Report Says Social Media Companies Putting Youth Mental Health at Risk
Social media companies that restrict researchers from accessing their data could be jeopardizing the mental health of teens and children.
That’s just one of the many findings of a new report from the National Academies of Sciences, Engineering, and Medicine (NASEM). The report details how stakeholders can minimize the harm and maximize the benefits of social media for young users.
Munmun De Choudhury, an associate professor in Georgia Tech’s School of Interactive Computing, served on a 12-person committee appointed by NASEM to answer pressing questions about social media and adolescent mental health and well-being.
On December 12, the committee released its 250-page report titled Assessment of the Impact of Social Media on the Health and Well-Being of Adolescents and Children. The report offers recommendations for social media companies, Congress, the U.S. Department of Education, and others.
The report also details the difficulties of researching social media and assigning labels to it at the population level. A population-level study such as this examines a phenomenon’s impact on an entire population as opposed to individuals.
However, because social media experiences vary vastly from demographic to demographic and from person-to-person, the committee could not reach any concrete conclusions about social media’s impact at the population level.
“The important piece is that when we talk about the impacts of social media, whether positive or negative, they’re not monoliths,” De Choudhury said.
“For us to understand how these platforms impact us, we must acknowledge these platforms are part of our lives. What happens outside these platforms in the offline world influences whether we get positive or negative benefits.”
One of the obstacles to obtaining more conclusive data is the lack of transparency from social media companies.
One of the major questions asked by the report is, do social media companies have a responsibility to mitigate the harms of social media on youth, and what actions can they take?
Anonymity emboldens perpetrators of online harassment and cyber bullying, making it critical for social media companies to develop easy-to-use report and response systems, the report says.
The report also encourages these companies to be transparent with their data so researchers can better understand how online harassment impacts young people.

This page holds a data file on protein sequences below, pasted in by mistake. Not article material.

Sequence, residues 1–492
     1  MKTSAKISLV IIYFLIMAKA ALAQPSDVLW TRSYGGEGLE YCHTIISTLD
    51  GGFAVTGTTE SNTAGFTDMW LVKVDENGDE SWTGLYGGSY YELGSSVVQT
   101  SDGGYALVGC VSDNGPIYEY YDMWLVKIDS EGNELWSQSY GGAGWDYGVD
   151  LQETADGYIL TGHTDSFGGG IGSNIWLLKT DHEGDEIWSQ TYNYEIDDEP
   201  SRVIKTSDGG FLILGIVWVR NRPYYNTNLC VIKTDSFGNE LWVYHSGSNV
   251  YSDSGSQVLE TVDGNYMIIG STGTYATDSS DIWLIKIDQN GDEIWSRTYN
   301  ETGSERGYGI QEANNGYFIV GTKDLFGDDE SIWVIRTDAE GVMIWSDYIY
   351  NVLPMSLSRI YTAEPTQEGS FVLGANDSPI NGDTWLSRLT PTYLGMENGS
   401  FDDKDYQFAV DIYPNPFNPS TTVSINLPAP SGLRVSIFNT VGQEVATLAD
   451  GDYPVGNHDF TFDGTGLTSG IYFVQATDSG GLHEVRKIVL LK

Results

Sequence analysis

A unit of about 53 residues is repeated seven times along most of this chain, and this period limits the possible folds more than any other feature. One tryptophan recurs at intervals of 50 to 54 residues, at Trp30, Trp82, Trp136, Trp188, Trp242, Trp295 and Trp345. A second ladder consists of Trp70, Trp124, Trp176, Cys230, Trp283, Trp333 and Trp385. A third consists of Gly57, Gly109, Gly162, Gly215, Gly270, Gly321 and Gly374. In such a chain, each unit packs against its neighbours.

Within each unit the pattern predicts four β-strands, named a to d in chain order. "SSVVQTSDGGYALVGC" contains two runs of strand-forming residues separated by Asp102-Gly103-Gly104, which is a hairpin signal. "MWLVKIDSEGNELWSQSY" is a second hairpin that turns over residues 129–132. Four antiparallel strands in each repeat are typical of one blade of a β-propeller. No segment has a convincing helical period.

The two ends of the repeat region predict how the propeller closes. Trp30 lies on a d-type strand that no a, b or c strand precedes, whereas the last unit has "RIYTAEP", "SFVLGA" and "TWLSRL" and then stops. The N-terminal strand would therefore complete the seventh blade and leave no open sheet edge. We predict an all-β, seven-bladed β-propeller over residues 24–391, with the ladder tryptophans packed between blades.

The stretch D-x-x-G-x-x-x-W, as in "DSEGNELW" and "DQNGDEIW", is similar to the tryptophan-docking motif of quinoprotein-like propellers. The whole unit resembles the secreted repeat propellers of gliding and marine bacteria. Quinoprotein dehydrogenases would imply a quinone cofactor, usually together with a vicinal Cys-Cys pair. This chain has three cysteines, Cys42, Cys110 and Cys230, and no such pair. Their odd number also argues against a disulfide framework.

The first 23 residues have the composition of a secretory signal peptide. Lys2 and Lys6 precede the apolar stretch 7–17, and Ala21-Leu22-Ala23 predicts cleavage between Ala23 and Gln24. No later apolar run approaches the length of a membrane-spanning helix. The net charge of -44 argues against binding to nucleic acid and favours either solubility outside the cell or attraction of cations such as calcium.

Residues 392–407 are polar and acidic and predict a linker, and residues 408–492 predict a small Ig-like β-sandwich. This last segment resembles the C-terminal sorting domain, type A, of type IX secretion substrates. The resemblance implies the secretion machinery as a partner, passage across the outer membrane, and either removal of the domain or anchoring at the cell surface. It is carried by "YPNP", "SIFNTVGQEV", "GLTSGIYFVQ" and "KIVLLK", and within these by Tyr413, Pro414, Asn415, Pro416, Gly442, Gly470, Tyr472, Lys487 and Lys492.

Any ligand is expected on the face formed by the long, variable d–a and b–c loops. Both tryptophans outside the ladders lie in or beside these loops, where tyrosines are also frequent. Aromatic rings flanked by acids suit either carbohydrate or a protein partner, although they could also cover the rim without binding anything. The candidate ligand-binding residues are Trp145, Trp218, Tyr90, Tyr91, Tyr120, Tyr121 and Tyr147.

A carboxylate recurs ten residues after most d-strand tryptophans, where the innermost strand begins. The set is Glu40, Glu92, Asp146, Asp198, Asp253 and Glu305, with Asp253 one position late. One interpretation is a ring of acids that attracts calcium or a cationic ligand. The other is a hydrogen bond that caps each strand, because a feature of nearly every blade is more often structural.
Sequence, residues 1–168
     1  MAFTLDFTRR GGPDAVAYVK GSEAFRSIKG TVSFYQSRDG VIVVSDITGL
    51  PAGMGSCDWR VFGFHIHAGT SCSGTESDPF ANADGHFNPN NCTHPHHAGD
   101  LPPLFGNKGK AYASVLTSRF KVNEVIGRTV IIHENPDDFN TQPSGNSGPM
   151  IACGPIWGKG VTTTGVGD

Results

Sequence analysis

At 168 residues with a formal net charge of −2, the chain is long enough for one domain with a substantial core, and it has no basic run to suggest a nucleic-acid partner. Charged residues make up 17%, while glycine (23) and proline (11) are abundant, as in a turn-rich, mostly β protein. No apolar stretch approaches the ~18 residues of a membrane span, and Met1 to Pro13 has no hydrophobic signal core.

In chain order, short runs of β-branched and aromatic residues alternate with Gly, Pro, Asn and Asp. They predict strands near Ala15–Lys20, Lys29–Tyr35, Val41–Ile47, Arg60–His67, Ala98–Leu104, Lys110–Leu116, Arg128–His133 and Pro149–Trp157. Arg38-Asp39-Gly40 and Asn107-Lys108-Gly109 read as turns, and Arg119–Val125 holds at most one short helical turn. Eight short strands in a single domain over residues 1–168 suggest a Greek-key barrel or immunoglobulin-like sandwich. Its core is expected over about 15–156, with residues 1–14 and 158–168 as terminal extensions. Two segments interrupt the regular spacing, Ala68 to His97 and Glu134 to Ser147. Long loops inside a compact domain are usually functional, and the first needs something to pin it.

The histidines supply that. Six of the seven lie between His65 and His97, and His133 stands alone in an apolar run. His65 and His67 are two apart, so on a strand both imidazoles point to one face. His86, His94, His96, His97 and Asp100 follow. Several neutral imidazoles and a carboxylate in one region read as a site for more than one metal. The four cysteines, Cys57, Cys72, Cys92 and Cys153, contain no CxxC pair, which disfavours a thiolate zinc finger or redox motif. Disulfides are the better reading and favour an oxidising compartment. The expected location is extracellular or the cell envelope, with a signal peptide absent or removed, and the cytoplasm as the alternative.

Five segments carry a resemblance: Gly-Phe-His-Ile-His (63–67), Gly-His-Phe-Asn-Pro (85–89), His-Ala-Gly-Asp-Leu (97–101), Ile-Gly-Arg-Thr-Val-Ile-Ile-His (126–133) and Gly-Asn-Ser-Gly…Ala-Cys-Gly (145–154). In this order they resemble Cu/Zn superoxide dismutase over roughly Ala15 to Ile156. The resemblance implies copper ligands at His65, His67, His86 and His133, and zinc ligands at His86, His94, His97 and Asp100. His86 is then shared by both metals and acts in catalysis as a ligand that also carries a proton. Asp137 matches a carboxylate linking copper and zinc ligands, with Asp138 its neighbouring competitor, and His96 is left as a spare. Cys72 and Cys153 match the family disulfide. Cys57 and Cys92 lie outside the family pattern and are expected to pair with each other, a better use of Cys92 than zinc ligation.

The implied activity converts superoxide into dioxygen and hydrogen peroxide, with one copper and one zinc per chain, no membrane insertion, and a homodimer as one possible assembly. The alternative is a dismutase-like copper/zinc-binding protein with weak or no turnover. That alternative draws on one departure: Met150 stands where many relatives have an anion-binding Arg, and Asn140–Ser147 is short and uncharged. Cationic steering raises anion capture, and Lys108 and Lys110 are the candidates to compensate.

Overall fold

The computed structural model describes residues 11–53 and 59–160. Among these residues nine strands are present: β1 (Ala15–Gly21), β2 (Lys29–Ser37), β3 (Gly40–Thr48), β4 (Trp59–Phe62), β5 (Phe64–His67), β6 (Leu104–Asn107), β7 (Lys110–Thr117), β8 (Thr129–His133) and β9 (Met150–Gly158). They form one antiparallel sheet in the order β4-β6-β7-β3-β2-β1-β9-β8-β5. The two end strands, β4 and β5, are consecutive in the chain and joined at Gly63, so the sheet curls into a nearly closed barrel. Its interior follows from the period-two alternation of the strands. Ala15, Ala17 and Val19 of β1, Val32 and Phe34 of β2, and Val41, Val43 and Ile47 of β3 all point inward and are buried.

“There are many limitations imposed by the platforms that make it difficult for third-party researchers to conduct studies to understand how misinformation or bullying or hate speech impact young people,” De Choudhury said.
“One of the report’s recommendations is that we may need new collaboration models, possibly through incentive structures or legislation, to fill these gaps between academic institutions and companies.”
Other recommendations made in the report include:
- Developing support programs for children who experience digital abuse and evaluate the effectiveness of such programs.
- Developing new standards for social media platform design, transparency, and data use and having social media providers adopt those standards as a matter of policy.
- The U.S. Department of Education should promote the importance of media literacy, and state education boards should set standards for grades K through 12.
- Designing teacher training interventions as part of ongoing professional development for veteran teachers.
The social media industry fluctuates with new trends and technologies emerging almost daily. However, De Choudhury says it’s not too late to regulate it for the benefit of young people.
“We shouldn’t feel like there is nothing that we can do because these technologies are moving so fast,” she said. “We are not powerless as a society. We are not promoting doom and gloom, but there are things that need to be done and no single stakeholder can fix the situation. We need a collective strategy and involvement from a variety of stakeholders to overcome this.”
To download the full report, visit the NASEM website.
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